In the present work, we first reported another phase of TiO2 (rutile phase) as anode for ALIBs. Rutile TiO2 nanorod array was deposited on fluorine-doped tin oxide (FTO) substrate via a template-free strategy, and the electrochemical performance of the as-synthesized TiO2 nanorod array in LiOH electrolyte was investigated in detail. It is interesting to note that the rutile TiO2 nanorod array exhibited excellent superior rate capability and excellent cycling stability, making it a promising anode candidate for ALIBs.


In a typical synthesis, as a similar process described in the literature [16], 10 mL of toluene was mixed with 1 mL of 1 M titanium tetrachloride in toluene (97 % Aldrich) and 0.1 mL of tetrabutyl titanate in a Teflon-lined stainless steel autoclave (50 mL). The mixture was stirred at ambient conditions for 1 min followed by the addition of 1 mL of hydrochloric acid (37 wt %). After stirring for another 5 min, one piece of FTO glass substrate (3 cm × 1 cm) was placed at an angle against the wall of the Teflon liner. The FTO glass was initially cleaned by sonication in acetone, subsequently immersed in a 1 M NaOH solution for 10 min, and finally rinsed with ethanol and deionized water. Solvothermal synthesis was conducted at 180 °C for 2 h in an electric oven. After that, the autoclave was cooled to room temperature for approximately 70 min. Then the TiO2/FTO substrate was washed thoroughly with ethanol and allowed to dry under room temperature.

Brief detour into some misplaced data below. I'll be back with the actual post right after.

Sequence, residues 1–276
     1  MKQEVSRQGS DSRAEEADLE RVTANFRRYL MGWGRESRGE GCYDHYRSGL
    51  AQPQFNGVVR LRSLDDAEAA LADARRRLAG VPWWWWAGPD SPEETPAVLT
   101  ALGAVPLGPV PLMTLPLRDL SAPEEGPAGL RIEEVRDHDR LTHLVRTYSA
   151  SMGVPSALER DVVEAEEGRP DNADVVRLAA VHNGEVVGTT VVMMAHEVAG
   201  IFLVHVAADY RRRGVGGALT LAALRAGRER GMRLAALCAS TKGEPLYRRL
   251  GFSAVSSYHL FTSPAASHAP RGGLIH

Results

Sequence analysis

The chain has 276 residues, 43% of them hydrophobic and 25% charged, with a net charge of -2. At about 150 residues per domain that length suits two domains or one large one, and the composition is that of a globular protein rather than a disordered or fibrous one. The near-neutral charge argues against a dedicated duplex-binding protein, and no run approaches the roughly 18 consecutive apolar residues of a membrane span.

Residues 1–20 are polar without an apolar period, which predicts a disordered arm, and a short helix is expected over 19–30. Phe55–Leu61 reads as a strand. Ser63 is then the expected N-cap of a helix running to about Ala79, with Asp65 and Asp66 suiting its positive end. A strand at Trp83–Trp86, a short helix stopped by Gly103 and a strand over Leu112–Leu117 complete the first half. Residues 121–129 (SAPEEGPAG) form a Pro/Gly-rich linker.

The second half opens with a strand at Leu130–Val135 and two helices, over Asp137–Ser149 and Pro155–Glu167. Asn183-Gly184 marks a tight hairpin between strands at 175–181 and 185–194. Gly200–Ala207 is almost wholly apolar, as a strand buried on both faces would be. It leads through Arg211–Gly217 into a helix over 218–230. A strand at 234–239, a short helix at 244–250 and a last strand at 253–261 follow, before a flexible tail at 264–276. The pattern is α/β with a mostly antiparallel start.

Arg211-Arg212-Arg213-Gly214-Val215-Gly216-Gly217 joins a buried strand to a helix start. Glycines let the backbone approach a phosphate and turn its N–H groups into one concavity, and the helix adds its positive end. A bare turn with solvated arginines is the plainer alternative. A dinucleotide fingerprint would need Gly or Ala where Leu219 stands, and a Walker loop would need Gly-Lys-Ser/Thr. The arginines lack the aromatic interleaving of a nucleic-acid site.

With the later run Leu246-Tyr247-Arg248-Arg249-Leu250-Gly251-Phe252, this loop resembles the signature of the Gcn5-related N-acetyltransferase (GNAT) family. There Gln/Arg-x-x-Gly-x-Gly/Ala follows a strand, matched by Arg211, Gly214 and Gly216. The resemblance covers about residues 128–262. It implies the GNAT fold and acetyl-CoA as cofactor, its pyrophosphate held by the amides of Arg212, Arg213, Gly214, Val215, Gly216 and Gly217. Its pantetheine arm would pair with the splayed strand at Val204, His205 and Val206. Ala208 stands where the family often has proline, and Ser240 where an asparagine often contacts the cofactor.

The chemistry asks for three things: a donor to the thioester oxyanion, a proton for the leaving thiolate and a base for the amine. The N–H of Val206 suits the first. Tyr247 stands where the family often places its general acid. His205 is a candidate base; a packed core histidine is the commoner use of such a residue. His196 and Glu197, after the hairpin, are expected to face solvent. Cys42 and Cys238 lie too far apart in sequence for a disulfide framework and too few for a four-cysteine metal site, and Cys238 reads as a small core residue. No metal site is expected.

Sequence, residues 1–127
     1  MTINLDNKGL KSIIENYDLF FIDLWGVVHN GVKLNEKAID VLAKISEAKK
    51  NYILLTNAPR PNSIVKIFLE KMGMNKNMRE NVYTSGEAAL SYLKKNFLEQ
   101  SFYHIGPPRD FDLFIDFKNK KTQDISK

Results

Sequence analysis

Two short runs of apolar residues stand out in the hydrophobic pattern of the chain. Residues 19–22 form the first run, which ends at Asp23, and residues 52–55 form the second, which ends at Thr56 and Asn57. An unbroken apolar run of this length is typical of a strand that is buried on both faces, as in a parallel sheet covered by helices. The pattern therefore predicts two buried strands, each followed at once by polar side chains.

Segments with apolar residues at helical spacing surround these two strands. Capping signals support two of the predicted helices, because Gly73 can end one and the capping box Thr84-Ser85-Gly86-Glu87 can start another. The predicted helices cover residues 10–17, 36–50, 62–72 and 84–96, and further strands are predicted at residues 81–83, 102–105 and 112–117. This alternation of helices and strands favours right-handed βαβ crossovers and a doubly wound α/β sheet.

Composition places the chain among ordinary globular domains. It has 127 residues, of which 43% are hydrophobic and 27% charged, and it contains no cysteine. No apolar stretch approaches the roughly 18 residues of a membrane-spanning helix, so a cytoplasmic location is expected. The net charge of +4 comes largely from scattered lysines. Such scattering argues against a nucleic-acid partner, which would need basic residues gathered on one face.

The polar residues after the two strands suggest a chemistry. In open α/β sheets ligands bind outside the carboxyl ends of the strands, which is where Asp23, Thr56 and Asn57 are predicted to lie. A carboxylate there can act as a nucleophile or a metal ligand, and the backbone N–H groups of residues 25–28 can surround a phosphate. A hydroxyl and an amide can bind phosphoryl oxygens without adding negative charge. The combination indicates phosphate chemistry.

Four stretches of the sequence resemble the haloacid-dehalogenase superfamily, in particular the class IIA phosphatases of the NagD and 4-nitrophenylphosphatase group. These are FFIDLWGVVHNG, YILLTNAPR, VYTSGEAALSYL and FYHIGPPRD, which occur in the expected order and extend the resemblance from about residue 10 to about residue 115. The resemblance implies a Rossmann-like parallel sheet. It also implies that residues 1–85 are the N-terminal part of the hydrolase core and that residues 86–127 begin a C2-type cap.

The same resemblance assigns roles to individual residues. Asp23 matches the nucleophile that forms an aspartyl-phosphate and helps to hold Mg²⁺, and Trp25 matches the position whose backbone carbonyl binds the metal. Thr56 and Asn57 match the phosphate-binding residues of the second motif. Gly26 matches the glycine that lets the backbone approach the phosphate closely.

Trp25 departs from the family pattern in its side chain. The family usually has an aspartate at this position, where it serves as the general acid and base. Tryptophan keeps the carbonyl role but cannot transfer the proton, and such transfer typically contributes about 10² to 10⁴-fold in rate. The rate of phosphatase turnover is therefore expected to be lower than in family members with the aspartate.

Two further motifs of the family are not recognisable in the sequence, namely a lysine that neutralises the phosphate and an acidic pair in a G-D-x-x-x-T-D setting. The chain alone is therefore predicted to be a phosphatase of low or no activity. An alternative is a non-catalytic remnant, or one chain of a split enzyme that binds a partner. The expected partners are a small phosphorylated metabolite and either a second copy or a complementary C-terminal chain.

The crystal structure of the as-prepared film was examined by X-ray diffraction (XRD). The XRD patterns were recorded in a Bruker-AXS Micro-diffractometer (D8 ADVANCE) with Cu Kα radiation (λ = 1.5406 Å) from 10° to 70° at a scanning speed of 0.33° min−1. X-ray tube voltage and current were set at 40 kV and 40 mA, respectively. Morphological information was attained from scanning electron microscopy (SEM; HITACHI S-4800).

For electrochemical studies, electrical contact was made to some exposed FTO at the edge of the TiO2-coated slide, and the area of the TiO2 is 1 cm2. Conventional cyclic voltammetry (CV) and galvanostatic charge/discharge of the electrode were characterized by using a three-electrode cell in which an Hg/HgO and Pt sheet electrode were used as reference electrode and counter electrode, respectively. De-oxygenated 1 M aqueous LiOH solution was used as electrolyte. All electrochemical studies were conducted using CHI440a electrochemical station at room temperature.